Last-minute changes to a rental agreement for Eagle Harbor's liveaboards have calmed outrage at former provisions that many anchored-out residents said were intrusive and disrespectful.
"Yesterday, I thought most of us were going to say 'to hell with this,'" said liveaboard Rich Seubert. "But now, with these changes, I think more will sign on."
Seubert has assisted city officials in brokering an agreement with the state Department of Natural Resources, which manages the inner-harbor, to create Puget Sound's first open-water marina. But when the details of the agreement were revealed last month, Seubert and about half the harbor's 20 liveaboards balked.
They objected to provisions allowing city staff to board liveaboard vessels "at anytime" and without notice, and a requirement that the city harbor master must be present to watch liveaboards dump or pump sewage into a designated onshore receptacle.
"That's just demoralizing," Seubert said of the sewage provision.
City Councilwoman Hilary Franz negotiated changes in recent days that softened both provisions.
Now the city must give 24-hour notice before boarding. And liveaboards must sign a document noting weekly sewage disposal rather than having the harbor master present.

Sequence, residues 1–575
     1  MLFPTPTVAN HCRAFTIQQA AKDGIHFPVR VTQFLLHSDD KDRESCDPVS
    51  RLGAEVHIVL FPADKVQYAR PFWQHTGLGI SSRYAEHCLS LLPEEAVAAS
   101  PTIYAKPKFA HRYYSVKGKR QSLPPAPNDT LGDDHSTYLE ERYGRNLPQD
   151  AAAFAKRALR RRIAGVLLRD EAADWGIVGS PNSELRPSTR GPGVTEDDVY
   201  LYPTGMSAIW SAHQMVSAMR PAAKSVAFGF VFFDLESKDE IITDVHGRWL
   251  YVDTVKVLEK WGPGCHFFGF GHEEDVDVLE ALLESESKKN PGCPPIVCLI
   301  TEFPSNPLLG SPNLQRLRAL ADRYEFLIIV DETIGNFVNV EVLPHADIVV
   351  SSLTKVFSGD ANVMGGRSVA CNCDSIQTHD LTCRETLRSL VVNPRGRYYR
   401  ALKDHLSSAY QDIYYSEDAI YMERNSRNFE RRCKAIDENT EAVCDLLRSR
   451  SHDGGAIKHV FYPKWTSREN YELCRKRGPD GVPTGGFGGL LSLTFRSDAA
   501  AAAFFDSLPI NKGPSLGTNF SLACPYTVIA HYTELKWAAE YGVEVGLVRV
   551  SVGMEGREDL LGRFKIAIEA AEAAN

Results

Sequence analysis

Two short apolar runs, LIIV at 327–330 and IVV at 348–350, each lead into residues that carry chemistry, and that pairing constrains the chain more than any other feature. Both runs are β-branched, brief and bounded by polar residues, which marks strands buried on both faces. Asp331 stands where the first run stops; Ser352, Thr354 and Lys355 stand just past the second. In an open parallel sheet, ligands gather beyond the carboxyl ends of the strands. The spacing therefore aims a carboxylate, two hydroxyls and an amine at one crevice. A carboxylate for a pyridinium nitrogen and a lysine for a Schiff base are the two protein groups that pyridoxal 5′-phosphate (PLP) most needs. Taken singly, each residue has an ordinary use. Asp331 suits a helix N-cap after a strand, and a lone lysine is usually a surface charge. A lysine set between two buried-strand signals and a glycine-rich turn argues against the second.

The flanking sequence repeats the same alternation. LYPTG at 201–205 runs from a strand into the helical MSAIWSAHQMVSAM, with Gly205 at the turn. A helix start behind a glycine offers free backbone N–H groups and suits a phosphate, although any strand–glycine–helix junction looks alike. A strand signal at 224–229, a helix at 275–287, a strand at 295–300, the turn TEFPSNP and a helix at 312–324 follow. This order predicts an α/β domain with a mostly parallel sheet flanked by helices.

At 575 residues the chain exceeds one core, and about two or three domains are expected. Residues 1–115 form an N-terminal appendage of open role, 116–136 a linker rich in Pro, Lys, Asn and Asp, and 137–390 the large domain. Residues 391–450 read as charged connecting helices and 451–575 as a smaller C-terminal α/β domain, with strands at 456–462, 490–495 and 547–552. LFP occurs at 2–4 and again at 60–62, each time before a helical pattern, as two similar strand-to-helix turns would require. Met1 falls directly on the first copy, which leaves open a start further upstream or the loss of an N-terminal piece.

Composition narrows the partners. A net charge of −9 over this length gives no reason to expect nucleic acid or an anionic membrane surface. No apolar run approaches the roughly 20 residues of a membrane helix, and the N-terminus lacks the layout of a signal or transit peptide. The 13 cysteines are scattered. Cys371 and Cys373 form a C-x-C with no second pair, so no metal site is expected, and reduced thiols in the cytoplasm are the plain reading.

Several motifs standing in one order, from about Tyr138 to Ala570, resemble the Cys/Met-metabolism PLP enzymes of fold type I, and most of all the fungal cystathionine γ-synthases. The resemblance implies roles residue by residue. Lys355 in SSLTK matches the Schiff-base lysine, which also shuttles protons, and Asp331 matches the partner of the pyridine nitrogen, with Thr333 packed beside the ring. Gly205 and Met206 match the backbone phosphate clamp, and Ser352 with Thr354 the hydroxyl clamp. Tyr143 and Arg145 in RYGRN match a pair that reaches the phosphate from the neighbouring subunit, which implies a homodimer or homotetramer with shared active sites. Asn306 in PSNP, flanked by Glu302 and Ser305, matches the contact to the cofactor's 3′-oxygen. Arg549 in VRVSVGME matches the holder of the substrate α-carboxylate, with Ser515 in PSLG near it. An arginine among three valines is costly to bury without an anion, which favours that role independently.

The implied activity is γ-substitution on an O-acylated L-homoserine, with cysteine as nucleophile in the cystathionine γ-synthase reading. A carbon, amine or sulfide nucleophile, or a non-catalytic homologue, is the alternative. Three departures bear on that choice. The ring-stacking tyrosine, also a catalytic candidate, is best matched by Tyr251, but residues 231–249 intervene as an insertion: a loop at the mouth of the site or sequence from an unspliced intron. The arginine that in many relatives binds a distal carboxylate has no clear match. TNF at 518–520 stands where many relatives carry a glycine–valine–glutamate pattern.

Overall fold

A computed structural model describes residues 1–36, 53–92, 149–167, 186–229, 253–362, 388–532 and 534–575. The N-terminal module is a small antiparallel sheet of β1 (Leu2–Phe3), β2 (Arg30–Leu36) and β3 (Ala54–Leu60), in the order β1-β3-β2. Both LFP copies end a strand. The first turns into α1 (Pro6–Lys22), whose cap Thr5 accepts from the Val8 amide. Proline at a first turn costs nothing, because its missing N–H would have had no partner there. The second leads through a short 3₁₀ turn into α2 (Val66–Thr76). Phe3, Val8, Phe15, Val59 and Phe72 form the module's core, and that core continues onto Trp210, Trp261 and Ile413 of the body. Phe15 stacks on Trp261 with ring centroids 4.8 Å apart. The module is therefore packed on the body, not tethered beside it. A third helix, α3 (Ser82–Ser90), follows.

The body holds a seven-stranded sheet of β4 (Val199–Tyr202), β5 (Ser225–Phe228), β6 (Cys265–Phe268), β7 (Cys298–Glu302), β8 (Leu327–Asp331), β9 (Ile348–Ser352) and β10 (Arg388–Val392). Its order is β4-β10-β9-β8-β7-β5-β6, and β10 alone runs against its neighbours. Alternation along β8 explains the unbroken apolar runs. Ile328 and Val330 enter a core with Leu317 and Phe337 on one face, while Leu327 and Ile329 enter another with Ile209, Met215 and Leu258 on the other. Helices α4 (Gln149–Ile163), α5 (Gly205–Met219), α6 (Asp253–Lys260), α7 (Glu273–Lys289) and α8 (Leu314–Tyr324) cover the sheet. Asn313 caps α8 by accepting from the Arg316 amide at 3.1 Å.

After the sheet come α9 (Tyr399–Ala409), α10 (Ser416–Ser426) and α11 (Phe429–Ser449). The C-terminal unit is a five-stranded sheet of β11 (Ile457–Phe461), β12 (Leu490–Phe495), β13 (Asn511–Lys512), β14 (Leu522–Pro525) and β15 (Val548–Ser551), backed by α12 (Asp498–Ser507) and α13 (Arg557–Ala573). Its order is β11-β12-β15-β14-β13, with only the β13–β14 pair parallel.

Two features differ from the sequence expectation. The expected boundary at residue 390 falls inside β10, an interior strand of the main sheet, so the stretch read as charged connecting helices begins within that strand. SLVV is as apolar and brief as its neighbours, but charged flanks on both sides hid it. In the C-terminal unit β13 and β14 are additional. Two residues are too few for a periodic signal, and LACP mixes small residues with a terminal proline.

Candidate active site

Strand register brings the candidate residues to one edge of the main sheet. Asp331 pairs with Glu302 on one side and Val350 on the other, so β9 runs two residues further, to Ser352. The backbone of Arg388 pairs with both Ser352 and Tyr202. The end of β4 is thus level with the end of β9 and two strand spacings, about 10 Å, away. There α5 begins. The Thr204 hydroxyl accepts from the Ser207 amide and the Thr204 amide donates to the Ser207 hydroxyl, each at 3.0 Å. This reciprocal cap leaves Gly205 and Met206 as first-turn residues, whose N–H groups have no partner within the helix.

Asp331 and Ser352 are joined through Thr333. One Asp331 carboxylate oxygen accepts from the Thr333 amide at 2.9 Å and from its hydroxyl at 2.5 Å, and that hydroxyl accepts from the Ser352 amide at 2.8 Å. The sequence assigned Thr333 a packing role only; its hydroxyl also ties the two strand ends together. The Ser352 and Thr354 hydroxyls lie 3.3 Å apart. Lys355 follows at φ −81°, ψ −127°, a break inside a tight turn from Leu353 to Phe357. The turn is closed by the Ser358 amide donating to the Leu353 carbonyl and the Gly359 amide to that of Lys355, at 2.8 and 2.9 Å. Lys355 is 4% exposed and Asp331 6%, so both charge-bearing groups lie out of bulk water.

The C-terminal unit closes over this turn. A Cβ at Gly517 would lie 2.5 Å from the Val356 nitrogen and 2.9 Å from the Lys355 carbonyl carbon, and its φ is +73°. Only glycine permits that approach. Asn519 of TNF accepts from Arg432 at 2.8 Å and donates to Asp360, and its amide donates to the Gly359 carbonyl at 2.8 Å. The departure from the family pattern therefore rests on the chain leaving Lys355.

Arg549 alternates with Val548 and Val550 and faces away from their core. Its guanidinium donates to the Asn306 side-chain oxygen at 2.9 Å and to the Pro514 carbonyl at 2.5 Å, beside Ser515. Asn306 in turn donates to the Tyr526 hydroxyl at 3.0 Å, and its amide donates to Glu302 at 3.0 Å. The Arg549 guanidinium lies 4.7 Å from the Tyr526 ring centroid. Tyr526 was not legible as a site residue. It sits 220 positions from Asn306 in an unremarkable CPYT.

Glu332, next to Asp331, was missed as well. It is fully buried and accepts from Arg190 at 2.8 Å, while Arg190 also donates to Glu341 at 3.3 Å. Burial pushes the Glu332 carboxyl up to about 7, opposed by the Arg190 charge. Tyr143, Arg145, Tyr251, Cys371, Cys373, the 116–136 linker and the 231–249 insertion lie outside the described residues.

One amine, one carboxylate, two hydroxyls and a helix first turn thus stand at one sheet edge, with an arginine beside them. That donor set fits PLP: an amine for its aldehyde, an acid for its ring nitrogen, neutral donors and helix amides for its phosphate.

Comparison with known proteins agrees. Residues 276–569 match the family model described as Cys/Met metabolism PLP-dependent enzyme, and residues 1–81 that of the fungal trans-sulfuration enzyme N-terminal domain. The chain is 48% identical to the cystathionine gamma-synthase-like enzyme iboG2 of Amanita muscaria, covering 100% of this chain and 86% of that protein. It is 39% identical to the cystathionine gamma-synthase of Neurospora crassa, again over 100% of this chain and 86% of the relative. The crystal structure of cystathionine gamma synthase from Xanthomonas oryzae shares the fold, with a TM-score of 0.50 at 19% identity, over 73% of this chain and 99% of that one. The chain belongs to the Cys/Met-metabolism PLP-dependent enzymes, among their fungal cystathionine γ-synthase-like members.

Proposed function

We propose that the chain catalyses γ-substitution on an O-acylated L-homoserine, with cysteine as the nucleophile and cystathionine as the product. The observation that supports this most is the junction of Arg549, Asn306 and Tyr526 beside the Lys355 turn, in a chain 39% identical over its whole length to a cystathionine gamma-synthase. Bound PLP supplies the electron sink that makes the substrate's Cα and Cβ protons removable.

Franz now has commitments from about a dozen liveaboards who say they'll sign subleases. She thinks more will follow.
The rental cost will be higher than many liveaboards feel comfortable paying. Seubert estimates it will cost almost $450 per month for his 55-foot power boat, and around $250 for most other liveaboard vessels, which average about 30 feet.
One area where DNR would not bend was on its houseboats restrictions. Considering houseboats a "non-water dependent use," no houseboats will be allowed in the open water marina unless a $31,000 fee is paid each year. None of the five or six houseboat residents can afford that amount.
Read more: http://www.kitsapsun.com/news/2011/feb/04/last-minute-changes-salvage-bainbridge-liveboard/#ixzz1DIjGtgRD